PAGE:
How Do I Determine Who Is My Ultimate Ideal Client?

By October 24, 2018October 26th, 2018Super Mentor Academy

Here’s a question:


Who are you selling to? Who are your customers?

For example, if you’re a wedding planner, you might say “engaged couples” or “brides to be.” If you’re a graphic designer, you might say “someone looking for a new logo or a flyer.”

Spotted the problem yet?

The answers are all super vague! What kind of bride to be are you targeting? One who wants high-end luxury or maybe someone who’s looking for a wild Game of Thrones themed wedding?

What kind of logos and flyers do you design? Are you more corporate and slick or quirky and cool?

If you haven’t got a very specific type of client in mind, you need to work out who your Ultimate Ideal Client is.

Being vague is losing you money

You can’t be all things to all people.

You know that saying – “Jack of all trades, master of none?” That’s the message you send out when you’re not specific. When we’re looking to hire someone, we all want to feel like we’re in the hands of an expert. Someone we can trust. Someone who really knows me, my style and my needs.

When we look at a website or speak to someone who seems to be trying to cater to EVERYONE, we struggle to trust them.

Be specific

You might be worried about alienating potential clients – and you will. But that’s the point! You want to filter out the clients who aren’t right to you while making it easy for your ideal client to find you!

You don’t want the clients who are nightmares or even those who just want something completely different to where your skill set and aspirations are. Not only will your motivation, happiness and general well being suffer, but you might find yourself working harder for less financial return.

Focus on the clients you want to work, who you are suited to and I promise, both you and your clients will have a better experience.

How do I define my Ultimate Ideal Client?

Your Ultimate Ideal Client (aka UIC) is basically that ONE person you love, love, LOVE to work with. The client experience you wish you could replicate over and over again.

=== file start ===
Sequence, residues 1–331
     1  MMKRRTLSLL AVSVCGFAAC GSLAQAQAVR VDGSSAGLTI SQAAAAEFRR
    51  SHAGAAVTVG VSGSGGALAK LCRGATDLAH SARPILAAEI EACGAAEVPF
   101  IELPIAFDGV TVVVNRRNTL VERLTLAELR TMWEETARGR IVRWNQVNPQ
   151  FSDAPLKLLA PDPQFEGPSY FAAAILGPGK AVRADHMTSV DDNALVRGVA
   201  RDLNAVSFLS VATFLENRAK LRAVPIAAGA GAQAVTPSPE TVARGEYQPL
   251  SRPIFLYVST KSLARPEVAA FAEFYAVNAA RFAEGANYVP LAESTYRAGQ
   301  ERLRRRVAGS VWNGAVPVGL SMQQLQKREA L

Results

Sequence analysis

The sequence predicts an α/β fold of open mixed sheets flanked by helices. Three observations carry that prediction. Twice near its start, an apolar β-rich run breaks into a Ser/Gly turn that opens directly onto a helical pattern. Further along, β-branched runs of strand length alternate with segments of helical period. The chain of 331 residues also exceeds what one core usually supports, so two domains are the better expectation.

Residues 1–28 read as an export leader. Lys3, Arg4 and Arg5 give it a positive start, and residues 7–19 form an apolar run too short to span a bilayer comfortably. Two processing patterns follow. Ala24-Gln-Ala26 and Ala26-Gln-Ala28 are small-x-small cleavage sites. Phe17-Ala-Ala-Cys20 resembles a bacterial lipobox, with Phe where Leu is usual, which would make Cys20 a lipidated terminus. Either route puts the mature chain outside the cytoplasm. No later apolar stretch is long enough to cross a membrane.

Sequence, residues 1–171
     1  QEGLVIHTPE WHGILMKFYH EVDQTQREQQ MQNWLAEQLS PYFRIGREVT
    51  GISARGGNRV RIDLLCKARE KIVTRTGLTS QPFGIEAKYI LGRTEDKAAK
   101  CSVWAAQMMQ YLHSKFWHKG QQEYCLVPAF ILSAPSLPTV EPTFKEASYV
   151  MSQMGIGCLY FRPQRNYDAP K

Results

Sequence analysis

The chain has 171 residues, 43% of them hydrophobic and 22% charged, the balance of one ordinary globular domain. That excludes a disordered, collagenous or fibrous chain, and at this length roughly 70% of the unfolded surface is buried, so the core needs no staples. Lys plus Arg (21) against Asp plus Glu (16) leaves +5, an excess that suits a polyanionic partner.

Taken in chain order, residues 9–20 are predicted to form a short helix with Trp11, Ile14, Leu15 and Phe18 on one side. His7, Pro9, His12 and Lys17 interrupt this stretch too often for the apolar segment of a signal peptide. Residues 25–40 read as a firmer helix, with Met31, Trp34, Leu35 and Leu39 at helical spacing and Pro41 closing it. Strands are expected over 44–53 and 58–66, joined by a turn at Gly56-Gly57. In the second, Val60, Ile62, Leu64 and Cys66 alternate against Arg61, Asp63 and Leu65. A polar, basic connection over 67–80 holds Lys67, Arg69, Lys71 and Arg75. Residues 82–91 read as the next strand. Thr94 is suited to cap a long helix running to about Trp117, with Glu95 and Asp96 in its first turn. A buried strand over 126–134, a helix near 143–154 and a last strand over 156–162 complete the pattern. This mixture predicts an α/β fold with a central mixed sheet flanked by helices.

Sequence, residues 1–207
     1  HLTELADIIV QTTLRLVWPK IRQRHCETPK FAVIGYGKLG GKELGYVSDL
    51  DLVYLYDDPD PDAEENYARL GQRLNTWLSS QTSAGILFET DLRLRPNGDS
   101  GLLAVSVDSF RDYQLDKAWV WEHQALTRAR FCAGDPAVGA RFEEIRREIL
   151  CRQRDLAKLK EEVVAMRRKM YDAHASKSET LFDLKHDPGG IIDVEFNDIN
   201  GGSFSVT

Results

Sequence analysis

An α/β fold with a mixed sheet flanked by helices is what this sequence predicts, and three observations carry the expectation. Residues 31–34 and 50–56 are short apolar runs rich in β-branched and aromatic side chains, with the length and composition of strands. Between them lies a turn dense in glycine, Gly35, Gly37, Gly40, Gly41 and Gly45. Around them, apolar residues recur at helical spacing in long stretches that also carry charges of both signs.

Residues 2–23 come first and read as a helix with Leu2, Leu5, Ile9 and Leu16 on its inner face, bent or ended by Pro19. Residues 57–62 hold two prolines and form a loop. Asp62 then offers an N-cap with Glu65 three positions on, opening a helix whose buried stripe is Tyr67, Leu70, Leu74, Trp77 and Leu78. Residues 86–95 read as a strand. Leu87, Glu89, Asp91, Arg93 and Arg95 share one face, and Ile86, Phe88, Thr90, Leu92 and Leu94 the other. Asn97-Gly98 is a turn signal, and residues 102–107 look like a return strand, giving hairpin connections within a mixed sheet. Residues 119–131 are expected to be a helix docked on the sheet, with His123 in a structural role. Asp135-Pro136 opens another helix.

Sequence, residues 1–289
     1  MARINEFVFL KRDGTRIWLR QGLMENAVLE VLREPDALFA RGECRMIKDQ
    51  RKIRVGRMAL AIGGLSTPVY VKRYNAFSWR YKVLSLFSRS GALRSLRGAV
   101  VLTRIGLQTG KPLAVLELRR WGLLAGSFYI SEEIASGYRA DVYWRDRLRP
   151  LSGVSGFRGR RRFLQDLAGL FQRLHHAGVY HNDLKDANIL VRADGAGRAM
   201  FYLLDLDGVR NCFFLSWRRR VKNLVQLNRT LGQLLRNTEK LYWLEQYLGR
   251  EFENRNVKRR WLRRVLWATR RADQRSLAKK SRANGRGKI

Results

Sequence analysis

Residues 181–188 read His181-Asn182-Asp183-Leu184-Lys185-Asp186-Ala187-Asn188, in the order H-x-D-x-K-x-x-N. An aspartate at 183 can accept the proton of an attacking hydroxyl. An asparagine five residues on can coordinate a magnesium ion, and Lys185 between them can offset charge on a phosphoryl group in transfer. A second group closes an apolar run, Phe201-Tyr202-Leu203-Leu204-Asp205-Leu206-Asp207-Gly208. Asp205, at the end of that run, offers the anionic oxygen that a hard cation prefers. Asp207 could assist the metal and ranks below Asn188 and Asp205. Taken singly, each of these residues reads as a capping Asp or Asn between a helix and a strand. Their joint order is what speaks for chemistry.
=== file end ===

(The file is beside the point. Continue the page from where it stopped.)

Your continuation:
And that doesn’t just mean in financial terms. The client who you have the best kind of relationship with in terms of communication, vision and aims.


This client also really, really, REALLY needs your products or services RIGHT NOW. And they will happily pay the price you’re worth.

This combination = your Ultimate Ideal Client.

Something you might not have thought about…

Your UIC might be someone EXACTLY like you… but you from three, five or ten years ago. You’ve learned things along your journey that could be super useful to someone who is behind you, in terms of experience. Is there a way that you can help solve their problems, challenges or frustrations through your business?

Could you provide coaching or training? Workbooks or PDF checklists? Networking events, a product that has all the equipment someone in your industry needs for specific events or projects? What do you wish you’d had?

How do I find my Ultimate Ideal Client?

Start by making sure your marketing is clear on who you want to attract. That includes your overall branding, website, social media, flyers and anything that mentions your business and what you do. Make sure you are speaking to your UIC, NOT trying to please everyone.

Get specific and talk about what makes you different to others in your industry. This will make your life easier because your UIC will be able to find YOU.

But you have to put yourself out there too. Where does your UIC hangout? Which online platforms and social media groups? What about in real life? Are there any particular events you could attend?

Think about ways you can collaborate or partner up with other businesses who have the same UIC but aren’t competitors. For example, you could write blog posts for websites, or approach a podcast and see if they are interested in featuring you. You could work with several complimentary brands and host an event. There are lots of different opportunities once you start to focus on finding your UIC.

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